Adherence self-efficacy, belief in one's ability to adhere to daily medication, is strongly associated with antiretroviral therapy (ART) adherence and preventing mother-to-child HIV transmission. Couple-based interventions could enhance self-efficacy and adherence. We assessed the relationship between couple HIV testing and counseling (cHTC) and adherence self-efficacy using a 100-point culturally-adapted adherence self-efficacy scale (ASES). Secondarily, we explored the relationship between ASES and ART adherence. Ninety HIV-positive pregnant women at an antenatal clinic in Lilongwe, Malawi were enrolled in an observational cohort study. They were assessed with ASES immediately before and one month after receiving cHTC. Median ASES scores were 100 (IQR 95, 100) before and 100 (IQR 99, 100) after cHTC; there was a significant median difference (p = 0.02) for participants before and after cHTC. This change in ASES scores was associated with the odds of self-reported ART adherence in the full population (OR 1.1, p = 0.01), and there was a trend in the same direction for participants with imperfect baseline ASES scores (OR 1.1, p = 0.2). In our population, adherence self-efficacy and ART adherence were both quite high, and those who had room to improve in self-efficacy may have benefited from cHTC, which in turn could impact ART adherence and ultimately mother-to-child transmission.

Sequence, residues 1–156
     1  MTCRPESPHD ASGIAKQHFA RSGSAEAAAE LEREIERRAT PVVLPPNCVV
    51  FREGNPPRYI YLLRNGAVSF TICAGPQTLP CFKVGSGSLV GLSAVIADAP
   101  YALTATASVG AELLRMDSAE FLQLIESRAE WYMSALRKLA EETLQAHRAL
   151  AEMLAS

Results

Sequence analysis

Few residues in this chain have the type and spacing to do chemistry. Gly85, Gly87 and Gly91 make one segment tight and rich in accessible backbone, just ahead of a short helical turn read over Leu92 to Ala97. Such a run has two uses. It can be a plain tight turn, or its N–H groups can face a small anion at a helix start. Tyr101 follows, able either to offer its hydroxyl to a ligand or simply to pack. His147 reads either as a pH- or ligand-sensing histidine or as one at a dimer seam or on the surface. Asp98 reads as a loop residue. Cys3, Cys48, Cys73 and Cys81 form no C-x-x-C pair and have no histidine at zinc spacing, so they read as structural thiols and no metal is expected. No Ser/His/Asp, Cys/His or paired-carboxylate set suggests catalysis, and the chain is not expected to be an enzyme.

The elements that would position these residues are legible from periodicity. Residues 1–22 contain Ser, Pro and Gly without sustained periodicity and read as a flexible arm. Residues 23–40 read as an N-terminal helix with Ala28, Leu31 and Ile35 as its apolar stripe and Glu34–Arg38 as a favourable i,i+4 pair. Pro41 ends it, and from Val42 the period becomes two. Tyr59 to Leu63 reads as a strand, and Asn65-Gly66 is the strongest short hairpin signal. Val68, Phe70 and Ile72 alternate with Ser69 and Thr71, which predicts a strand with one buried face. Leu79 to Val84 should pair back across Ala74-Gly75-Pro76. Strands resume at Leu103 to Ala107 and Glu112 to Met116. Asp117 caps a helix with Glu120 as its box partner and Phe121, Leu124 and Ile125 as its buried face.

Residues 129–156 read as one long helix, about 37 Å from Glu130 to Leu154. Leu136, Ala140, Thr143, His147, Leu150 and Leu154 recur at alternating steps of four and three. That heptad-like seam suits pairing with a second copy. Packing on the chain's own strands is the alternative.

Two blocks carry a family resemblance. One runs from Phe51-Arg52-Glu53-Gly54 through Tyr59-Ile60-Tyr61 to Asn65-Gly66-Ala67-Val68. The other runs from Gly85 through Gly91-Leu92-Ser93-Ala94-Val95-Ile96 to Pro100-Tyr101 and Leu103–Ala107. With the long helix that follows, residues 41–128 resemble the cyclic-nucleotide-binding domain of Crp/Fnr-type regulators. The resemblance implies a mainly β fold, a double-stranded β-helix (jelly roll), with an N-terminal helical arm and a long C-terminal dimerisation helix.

Keywords: Adherence; HIV; Malawi; couples; self-efficacy.